This article presents an overview of a technique that involves the use of an inkjet printer to generate a series of continuous-tone progressive separations that will serve as visual guides on press.
By Joe Raymond
The pleasing progressive
The graphics industry has consolidated methods for color comparison that are not accurate enough to be considered a match, or proof technique into the category labeled pleasing color. The pleasing progressive (think CliffsNotes for process printing) in its most basic form uses an inkjet printer to generate a series of continuous tone progressive separations to be used at press, providing visual guidance to the printer when adjusting density and tonality in much the same way as the color key. The difference between the pleasing progressive and the color key is in the ability of the printer to generate these progressives digitally, in house, quickly, and at low cost. This method will work even if the printer does not make their own film positives for pro-cess or halftone printing.
You will encounter some disparity, called hue error, between the inks in your inkjet printer and the inks used for screen printing. These inks are not identical and will not produce the same exact color gamut in print. Don’t worry about it for this purpose.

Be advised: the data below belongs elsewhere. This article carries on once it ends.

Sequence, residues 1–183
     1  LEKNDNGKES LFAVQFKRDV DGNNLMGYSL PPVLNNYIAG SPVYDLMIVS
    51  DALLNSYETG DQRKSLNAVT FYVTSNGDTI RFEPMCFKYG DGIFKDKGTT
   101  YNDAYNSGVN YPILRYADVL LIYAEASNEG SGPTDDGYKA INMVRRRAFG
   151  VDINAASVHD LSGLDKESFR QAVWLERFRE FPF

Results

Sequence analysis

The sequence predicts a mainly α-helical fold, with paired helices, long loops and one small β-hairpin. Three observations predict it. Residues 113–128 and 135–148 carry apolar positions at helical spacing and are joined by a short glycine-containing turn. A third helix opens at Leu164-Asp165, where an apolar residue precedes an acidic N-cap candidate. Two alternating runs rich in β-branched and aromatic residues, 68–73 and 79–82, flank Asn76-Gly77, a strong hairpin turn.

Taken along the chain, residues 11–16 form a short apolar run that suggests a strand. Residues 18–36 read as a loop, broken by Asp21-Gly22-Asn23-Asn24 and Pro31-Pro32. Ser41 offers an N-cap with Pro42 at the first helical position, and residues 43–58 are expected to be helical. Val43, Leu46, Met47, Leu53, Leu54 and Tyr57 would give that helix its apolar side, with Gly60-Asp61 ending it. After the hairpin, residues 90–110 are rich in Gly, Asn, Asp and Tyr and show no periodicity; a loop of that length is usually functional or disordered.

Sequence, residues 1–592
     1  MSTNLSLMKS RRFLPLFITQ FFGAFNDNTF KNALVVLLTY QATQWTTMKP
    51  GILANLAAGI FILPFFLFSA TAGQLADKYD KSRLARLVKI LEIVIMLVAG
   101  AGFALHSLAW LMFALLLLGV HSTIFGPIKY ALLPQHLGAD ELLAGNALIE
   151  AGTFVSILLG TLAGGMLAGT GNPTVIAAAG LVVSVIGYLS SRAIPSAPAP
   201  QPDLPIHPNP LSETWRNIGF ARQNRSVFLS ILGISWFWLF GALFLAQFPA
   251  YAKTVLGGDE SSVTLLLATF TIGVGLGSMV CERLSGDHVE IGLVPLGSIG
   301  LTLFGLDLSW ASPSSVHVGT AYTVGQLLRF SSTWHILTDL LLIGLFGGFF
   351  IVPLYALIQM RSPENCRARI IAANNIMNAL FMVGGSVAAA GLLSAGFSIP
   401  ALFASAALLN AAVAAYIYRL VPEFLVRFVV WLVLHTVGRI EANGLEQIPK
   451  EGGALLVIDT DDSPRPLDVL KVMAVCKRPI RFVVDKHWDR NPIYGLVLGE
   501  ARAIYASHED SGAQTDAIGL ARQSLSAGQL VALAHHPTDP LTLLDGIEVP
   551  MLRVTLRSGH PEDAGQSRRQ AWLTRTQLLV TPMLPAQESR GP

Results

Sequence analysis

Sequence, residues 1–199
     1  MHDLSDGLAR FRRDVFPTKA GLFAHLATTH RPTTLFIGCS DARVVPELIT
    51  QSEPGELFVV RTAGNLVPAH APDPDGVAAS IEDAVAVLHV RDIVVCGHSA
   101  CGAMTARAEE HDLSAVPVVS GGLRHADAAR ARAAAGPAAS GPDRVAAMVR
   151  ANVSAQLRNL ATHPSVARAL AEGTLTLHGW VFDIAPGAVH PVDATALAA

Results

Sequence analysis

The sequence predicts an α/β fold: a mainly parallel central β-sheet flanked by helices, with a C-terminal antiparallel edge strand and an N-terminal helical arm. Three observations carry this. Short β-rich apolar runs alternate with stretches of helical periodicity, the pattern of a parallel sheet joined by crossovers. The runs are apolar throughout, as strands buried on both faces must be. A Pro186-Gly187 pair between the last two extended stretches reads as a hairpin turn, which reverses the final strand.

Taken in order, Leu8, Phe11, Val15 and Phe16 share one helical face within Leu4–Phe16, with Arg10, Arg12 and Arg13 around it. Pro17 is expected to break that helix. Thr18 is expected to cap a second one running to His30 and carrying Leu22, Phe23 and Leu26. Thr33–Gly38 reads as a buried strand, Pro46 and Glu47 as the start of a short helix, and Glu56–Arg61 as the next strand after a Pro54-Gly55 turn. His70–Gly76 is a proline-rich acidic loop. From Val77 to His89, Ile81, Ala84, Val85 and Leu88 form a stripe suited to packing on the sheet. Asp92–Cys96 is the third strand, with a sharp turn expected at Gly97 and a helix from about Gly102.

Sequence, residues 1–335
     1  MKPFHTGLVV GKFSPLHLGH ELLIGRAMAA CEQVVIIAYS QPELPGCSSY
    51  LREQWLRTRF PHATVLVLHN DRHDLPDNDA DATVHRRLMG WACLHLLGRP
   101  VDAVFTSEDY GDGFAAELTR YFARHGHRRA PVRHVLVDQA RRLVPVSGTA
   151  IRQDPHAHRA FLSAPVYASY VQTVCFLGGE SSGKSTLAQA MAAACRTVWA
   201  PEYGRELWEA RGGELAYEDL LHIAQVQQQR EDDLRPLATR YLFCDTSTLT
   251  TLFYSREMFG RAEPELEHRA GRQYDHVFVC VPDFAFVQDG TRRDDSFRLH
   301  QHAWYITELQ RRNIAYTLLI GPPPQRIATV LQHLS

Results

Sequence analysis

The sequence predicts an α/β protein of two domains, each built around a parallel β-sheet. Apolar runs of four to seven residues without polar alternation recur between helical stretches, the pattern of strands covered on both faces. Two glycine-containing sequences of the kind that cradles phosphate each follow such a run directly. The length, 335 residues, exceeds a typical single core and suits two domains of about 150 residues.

Secondly, the density (or solid color) of your inkjet screen inks will probably be quite different. Again, don’t worry about it for this purpose. The density or strength of your screen inks can be adjusted to become visually similar to solid patches printed on your inkjet printer by adding clear to each process ink. Having a densitometer available for matching density of the screen ink to the inkjet print is a plus, but not required.
The first requirement for making a pleasing progressive is that the films used for screen printing produce neutral gray in print, or can be adjusted, based on the results at press, until they do produce neutral gray in print in those areas intended to be neutral. This is the key to success with the pleasing progressive.
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